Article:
• A Black family has sued Hilton and a North Carolina Hampton Inn franchisee, alleging discrimination after a white clerk called police regarding a billing dispute. Dolores and Alvin Corbett, along with their two teenagers, checked in to The Hampton Inn & Suites on Nov. 23, 2018, in Wilson, North Carolina, along with some extended family. According to a news release provided by attorney Jason Kafoury, the family was there to “celebrate the life” of Alvin Corbett’s mother, Fannie Corbett, who died in 2019 and was declared a “civil rights pioneer” in North Carolina, The News & Observer reported. The following morning, the suit alleges, the unidentified clerk loudly and repeatedly told Dolores Corbett that her credit card had been declined. Corbett tried to explain that she had prepaid for the $145-per-night room using her Hilton Honors account points, but when she asked to speak to a supervisor, the clerk shouted, “Get off my property” and alerted police. Dolores Corbett told USA Today the humiliation and degradation suffered warranted the lawsuit, but the clerk’s summoning of police “put our family in imminent danger.” The family checked out immediately and told officers they had done nothing wrong when they arrived. And even though the clerk conceded to the responding officers that the billing question had been resolved, the suit alleges the officers escorted the Corbett family from the premises and circles their car in a restaurant parking lot while they waited for their extended family to join them, USA Today reported. Meanwhile, the Corbetts’ attorneys shared with the publication an email from the hotel’s general manager, Phil Ronaghan, dated one day after the 2018 incident, offering his “sincerest apologies” and calling the clerk’s actions “unprofessional and unwarranted.” Ronaghan also said in the email the unnamed clerk told them she called police because she felt threatened, but he did not feel the situation rose to “anywhere near that level of dispute” and noted that she had been reassigned pending an internal review of the incident, USA Today reported. In response, Hilton spokesman Nigel Glennie told the newspaper, “Hilton’s records show that our guest assistance team worked to resolve this complaint in 2018. We believe that our Hilton team engaged with sensitivity to understand, listen and address concerns about the guest’s experience.” According to The News & Observer, the suit seeks damages to compensate for the plaintiffs’ “economic loss, humiliation, embarrassment and emotional distress” as well as punitive damages that would punish the defendants’ alleged “willful, wanton, and reckless conduct” to prevent similar incidents in the future.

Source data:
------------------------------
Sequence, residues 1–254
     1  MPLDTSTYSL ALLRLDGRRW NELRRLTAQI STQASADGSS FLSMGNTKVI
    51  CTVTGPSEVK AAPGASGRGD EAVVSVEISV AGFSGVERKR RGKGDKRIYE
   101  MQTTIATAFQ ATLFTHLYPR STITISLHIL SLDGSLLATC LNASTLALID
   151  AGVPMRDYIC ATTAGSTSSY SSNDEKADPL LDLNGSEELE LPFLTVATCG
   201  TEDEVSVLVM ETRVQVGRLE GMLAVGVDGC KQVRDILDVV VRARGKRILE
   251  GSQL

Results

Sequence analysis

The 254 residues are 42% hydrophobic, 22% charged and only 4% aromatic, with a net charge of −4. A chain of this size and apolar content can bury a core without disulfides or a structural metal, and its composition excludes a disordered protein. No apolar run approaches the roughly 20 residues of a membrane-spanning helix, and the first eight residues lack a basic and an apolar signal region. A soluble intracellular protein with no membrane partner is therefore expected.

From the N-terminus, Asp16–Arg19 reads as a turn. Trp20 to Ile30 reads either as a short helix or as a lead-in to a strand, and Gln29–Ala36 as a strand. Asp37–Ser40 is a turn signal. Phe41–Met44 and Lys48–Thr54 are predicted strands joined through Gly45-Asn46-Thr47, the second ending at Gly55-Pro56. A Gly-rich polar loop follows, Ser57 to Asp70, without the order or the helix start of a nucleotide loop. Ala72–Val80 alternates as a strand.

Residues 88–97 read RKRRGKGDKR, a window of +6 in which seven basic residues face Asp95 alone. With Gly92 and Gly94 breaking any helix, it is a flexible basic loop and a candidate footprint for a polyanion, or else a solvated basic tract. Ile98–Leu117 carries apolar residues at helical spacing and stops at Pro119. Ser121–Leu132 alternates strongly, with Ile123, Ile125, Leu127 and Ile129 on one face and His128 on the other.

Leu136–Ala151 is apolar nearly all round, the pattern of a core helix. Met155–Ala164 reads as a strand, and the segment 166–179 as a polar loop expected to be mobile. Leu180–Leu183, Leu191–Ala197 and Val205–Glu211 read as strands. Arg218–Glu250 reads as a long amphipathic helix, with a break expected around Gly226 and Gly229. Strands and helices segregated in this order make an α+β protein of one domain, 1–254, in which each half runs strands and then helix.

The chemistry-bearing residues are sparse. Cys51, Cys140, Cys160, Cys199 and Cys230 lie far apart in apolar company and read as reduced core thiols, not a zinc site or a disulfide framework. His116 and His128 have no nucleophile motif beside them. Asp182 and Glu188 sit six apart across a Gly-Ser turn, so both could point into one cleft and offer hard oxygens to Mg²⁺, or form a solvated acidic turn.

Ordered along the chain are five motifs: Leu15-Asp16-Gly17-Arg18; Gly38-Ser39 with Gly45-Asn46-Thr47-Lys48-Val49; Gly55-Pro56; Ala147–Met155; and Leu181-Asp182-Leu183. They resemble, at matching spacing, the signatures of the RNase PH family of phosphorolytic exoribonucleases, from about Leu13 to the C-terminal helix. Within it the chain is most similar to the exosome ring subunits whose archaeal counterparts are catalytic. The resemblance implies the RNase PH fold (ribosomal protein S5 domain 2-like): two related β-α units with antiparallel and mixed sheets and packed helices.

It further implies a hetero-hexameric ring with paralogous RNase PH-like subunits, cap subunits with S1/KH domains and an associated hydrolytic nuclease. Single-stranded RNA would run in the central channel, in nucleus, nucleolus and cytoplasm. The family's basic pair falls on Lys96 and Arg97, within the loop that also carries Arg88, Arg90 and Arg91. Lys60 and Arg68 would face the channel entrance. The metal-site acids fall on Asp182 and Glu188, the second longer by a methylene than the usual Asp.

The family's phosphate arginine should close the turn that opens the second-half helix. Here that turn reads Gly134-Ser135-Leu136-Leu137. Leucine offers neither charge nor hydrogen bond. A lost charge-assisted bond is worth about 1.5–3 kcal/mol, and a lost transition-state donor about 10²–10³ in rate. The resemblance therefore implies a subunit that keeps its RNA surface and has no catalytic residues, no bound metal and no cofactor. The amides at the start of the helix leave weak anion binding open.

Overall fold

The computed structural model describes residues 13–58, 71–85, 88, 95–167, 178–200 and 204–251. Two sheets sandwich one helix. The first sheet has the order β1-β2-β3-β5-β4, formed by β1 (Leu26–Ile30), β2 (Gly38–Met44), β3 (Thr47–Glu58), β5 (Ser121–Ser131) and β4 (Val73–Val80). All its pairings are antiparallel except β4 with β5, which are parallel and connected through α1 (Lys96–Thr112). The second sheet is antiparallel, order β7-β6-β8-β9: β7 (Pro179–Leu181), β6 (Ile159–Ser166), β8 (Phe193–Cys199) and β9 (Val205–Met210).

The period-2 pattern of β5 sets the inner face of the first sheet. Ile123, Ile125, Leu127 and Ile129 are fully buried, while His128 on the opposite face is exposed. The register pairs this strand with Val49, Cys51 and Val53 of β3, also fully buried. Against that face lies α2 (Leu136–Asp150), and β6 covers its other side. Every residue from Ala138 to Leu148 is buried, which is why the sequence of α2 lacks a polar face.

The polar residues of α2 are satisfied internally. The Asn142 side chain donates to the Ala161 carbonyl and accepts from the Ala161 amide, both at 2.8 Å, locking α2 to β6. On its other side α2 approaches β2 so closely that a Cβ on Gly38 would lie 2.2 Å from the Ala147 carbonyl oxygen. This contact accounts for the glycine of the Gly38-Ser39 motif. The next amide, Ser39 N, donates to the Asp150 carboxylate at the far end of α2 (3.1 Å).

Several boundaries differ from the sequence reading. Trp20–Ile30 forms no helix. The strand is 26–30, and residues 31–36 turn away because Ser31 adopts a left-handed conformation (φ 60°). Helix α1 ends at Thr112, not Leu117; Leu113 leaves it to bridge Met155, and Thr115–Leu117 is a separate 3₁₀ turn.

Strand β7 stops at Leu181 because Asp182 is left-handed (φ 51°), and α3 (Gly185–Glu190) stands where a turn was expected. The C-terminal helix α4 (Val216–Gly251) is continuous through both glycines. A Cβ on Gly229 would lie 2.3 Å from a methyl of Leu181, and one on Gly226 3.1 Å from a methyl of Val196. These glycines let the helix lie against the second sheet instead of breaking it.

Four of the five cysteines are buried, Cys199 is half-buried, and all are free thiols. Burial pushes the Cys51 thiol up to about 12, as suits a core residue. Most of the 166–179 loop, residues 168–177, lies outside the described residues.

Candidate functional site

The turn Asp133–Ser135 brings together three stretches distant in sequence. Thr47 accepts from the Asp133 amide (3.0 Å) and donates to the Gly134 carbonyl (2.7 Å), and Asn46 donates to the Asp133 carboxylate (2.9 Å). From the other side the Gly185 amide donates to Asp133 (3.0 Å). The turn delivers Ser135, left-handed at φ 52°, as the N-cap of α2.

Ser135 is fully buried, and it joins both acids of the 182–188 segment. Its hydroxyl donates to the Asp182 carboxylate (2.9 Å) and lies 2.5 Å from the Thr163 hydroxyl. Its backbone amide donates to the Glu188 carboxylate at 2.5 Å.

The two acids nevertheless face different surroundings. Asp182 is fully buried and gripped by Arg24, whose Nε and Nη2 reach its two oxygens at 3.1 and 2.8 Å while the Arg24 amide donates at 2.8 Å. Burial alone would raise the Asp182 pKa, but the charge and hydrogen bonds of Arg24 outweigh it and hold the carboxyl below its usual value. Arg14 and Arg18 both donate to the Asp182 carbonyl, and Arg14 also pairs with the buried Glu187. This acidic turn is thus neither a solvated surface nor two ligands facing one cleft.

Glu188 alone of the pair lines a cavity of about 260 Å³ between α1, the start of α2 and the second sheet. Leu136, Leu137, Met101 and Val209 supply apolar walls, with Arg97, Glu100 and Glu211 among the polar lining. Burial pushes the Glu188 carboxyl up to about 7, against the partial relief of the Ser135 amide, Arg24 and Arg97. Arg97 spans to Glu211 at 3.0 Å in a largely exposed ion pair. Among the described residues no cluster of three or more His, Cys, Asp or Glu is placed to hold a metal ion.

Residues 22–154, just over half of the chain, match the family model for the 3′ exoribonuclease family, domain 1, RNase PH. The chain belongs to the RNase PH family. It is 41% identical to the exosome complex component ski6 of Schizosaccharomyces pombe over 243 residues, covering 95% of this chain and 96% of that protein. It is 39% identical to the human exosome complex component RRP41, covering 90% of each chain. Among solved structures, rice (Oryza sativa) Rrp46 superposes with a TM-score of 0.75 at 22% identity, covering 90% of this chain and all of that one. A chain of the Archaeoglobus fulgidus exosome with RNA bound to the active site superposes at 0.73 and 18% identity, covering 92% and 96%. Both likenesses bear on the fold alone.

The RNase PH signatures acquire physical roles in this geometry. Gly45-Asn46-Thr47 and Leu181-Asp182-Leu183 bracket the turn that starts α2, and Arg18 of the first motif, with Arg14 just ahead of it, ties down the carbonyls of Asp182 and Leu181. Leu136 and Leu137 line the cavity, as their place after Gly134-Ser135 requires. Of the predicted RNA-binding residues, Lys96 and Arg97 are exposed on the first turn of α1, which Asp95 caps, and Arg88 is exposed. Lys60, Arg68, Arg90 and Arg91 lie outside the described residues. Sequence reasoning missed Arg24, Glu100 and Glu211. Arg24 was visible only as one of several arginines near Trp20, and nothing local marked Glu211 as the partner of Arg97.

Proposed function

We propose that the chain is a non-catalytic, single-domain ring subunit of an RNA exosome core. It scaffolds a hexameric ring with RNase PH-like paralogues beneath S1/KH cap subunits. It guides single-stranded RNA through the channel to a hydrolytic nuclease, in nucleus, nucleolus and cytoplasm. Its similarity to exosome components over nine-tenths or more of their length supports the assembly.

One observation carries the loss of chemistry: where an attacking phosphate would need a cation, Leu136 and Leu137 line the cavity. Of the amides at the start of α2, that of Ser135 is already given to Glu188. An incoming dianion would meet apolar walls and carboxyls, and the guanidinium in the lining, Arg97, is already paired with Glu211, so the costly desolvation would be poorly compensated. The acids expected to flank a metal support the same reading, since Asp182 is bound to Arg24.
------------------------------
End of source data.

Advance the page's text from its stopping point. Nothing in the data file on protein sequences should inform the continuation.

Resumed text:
• Deputies in an Oregon county were in the right place at the right time this week, saving two lives in the same spot on two different days. Shortly after 11 p.m. on Monday, Washington County deputies received a call that a 16-year-old girl was at the top of a parking structure across the street from the Sheriff’s Office in HIllsboro, KATU-TV reported. Deputies were able to coax the girl, who was allegedly preparing to jump, away from the outside railing, the television station reported. “There’s a lot of grief associated with the loss of normalcy with what youth are doing right now and the connections to their peers,” Emily Moser, director of the non-profit YouthLine, told KGW. Moser’s job has taught her a lot about how teens are trying to make sense of a world that doesn’t make much sense right now. “The uncertainty that they’re feeling is very much in the here and now,” she said. On Tuesday, deputies responded to the same area, as a woman in her 30s was standing on the top of the parking structure, KGW reported. “I received a phone call from a coworker who was driving home and she told me there was a subject on the top level of a local structure that was outside the barrier,” Commander Caprice Massey told the television station. When Massey arrived, she tried to engage with the woman by talking to her. “She starting signing in American Sign Language and she preferred to communicate that way, and as luck has it, I know sign language,” Massey told KGW. Massey was able to talk the woman back over the barrier without saying a word. “I asked the young lady if she would sit with me and we sat pretty close to each other,” Massey told KGW. “Just take the time to check in with people and when you ask ‘How are you?’ wait for the answer.”